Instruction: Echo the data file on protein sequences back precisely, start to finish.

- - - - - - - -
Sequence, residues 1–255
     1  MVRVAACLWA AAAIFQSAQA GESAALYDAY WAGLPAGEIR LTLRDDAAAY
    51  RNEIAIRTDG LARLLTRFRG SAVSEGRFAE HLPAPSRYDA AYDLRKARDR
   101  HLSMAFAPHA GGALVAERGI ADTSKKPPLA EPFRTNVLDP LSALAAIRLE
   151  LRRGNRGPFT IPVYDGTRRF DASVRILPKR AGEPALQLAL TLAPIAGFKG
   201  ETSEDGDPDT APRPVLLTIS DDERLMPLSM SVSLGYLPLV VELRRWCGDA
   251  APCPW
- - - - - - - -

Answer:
Sequence, residues 1–255
     1  MVRVAACLWA AAAIFQSAQA GESAALYDAY WAGLPAGEIR LTLRDDAAAY
    51  RNEIAIRTDG LARLLTRFRG SAVSEGRFAE HLPAPSRYDA AYDLRKARDR
   101  HLSMAFAPHA GGALVAERGI ADTSKKPPLA EPFRTNVLDP LSALAAIRLE
   151  LRRGNRGPFT IPVYDGTRRF DASVRILPKR AGEPALQLAL TLAPIAGFKG
   201  ETSEDGDPDT APRPVLLTIS DDERLMPLSM SVSLGYLPLV VELRRWCGDA
   251  APCPW